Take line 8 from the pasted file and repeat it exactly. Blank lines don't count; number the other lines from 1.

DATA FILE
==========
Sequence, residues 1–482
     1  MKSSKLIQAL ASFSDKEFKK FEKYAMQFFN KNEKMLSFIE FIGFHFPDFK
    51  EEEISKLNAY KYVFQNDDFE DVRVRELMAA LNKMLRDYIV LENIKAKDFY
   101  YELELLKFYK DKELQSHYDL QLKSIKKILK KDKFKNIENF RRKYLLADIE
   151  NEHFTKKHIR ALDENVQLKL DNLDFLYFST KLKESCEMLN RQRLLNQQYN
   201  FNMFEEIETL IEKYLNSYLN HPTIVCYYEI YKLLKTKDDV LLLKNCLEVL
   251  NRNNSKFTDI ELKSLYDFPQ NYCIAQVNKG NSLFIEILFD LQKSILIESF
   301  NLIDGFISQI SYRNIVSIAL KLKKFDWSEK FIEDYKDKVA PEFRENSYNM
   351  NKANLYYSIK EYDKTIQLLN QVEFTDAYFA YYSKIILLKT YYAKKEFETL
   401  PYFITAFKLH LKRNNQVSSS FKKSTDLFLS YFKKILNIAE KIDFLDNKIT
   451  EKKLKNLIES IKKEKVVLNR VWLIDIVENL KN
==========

   301  NLIDGFISQI SYRNIVSIAL KLKKFDWSEK FIEDYKDKVA PEFRENSYNM